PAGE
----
Degree Type

Dissertation

Date of Award

2020

Degree Name

Doctor of Philosophy

Department

Psychology

Major

Psychology (Counseling Psychology)

First Advisor

Nathaniel G Wade

Abstract

Despite some politicized claims that racial discrimination no longer exists (Neville, Gallardo, & Sue, 2016), there is strong evidence that racial minorities still experience significant discrimination in the United States (Belgrave & Allison, 2014). As a result, empirical research of racial discrimination is still warranted. Meta-analyses show that perceived racial discrimination has a strong effect on psychological well-being, such as depressive symptoms and self-esteem (Lee & Ahn, 2011; Paradies et al., 2015). There is also empirical support that racial discrimination is linked with academic outcomes (e.g., academic motivations and achievement; Benner, Wang, Shen, Boyle, Polk, & Cheng, 2018). Although racial discrimination is a risk factor for poorer psychological well-being and reduced academic function, ethnic-racial socialization (ERS) may buffer these effects (Brown and Tylka 2011). In addition, recent research suggests that studying the effects of the combination of various types of ERS messages (meta-messages) buffers the negative impacts on psychological well-being and academic achievement (Granberg, Edmond, Simons, Gibbons, & Lei, 2012; Neblett, Chavous, Nguyên, & Sellers, 2009). Therefore, this study explored the: a) relationship of perceived racial discrimination to academics and psychological well-being and b) buffering effects of ERS meta-messages on mitigating the impact of racial discrimination in a longitudinal sample of African American young adults. Results of the present study indicated mixed results about the buffering effects of ERS meta-messages on the relationship between perceived racial discrimination and the outcome variables of interest. Additional analyses showed some significant buffering effects of ERS scales on the relationship between discrimination and educational attainment. The present study suggests that ERS may be beneficial in protecting African American youth from the deleterious effects of racial discrimination. However, further research is needed to determine the specific impacts of ERS meta-messages compared to ERS discrete messages as a buffer against perceived racial discrimination.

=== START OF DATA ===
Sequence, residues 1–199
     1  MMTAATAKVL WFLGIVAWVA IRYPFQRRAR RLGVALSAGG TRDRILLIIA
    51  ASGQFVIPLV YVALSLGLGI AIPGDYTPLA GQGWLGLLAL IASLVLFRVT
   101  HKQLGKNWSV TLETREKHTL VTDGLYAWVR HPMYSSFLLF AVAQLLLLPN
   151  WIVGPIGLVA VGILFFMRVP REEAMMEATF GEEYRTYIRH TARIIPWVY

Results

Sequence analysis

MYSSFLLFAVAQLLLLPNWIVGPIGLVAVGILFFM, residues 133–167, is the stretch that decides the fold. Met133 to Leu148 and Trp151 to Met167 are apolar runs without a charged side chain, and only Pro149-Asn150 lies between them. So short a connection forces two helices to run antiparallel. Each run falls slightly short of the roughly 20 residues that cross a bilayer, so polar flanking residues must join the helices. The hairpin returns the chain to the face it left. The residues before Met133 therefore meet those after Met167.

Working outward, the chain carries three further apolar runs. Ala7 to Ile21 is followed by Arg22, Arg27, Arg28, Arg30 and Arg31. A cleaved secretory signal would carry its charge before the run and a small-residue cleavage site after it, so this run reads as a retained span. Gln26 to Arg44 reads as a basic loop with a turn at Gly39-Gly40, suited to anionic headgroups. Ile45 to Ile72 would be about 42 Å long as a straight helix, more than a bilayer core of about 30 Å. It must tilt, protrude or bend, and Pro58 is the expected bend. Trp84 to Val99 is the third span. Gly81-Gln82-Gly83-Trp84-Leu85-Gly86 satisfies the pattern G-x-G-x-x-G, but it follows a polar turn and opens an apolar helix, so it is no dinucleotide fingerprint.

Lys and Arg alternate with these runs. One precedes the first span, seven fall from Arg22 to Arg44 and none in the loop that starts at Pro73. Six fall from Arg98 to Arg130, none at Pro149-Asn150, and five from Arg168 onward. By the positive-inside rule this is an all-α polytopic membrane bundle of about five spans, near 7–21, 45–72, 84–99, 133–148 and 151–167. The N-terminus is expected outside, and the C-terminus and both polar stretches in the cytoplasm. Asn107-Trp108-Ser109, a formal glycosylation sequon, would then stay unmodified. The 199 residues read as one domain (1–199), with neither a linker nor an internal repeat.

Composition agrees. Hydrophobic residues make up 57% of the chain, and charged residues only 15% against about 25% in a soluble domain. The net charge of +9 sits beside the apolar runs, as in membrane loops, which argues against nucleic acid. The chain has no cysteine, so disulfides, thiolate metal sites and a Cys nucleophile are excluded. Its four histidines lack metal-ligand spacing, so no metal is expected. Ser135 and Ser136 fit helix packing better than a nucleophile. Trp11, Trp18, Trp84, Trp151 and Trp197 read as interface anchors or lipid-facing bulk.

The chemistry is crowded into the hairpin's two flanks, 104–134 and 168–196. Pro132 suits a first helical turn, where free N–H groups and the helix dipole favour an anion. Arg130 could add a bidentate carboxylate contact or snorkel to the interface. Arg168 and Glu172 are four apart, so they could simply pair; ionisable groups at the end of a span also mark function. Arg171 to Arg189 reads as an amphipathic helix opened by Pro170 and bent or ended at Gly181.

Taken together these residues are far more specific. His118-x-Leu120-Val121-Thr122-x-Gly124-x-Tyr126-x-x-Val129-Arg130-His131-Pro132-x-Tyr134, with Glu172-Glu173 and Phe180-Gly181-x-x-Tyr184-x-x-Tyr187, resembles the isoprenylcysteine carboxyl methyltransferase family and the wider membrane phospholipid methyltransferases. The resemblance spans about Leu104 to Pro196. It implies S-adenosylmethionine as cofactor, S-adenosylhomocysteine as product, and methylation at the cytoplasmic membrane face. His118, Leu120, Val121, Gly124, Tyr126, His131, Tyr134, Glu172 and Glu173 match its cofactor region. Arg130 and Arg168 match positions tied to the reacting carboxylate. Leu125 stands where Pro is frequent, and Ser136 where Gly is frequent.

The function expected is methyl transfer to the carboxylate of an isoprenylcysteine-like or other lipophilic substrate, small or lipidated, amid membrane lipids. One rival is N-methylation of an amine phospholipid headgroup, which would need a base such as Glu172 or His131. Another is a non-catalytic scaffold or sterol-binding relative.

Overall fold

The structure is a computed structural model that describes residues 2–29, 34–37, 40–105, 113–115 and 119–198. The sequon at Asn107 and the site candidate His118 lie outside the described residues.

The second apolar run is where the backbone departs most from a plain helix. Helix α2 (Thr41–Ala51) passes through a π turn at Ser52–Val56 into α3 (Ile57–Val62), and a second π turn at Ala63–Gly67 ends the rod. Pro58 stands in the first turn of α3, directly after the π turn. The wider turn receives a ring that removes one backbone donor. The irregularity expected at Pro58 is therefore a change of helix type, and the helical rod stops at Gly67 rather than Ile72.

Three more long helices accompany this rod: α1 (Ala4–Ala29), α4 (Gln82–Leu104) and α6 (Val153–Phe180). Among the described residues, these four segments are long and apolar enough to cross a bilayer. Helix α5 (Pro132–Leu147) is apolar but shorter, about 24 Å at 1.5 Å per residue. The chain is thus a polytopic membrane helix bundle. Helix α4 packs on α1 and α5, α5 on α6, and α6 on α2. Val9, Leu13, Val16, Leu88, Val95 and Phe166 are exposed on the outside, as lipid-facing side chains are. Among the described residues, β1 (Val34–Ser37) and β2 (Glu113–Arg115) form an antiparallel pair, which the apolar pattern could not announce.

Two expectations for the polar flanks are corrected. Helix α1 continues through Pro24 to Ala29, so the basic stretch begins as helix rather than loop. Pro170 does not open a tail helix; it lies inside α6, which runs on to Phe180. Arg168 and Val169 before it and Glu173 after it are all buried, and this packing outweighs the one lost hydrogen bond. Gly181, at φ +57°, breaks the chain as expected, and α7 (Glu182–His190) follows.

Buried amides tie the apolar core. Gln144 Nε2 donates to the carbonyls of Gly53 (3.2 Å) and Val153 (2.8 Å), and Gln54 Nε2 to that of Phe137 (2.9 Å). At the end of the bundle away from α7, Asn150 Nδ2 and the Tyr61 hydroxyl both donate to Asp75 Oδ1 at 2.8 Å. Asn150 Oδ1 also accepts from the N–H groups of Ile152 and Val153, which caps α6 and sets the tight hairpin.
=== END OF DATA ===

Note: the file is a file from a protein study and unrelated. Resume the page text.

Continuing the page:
DOI

https://doi.org/10.31274/etd-20200902-97

Copyright Owner

Jennifer L. L. Major

Language

en

File Format

application/pdf

File Size

138 pages

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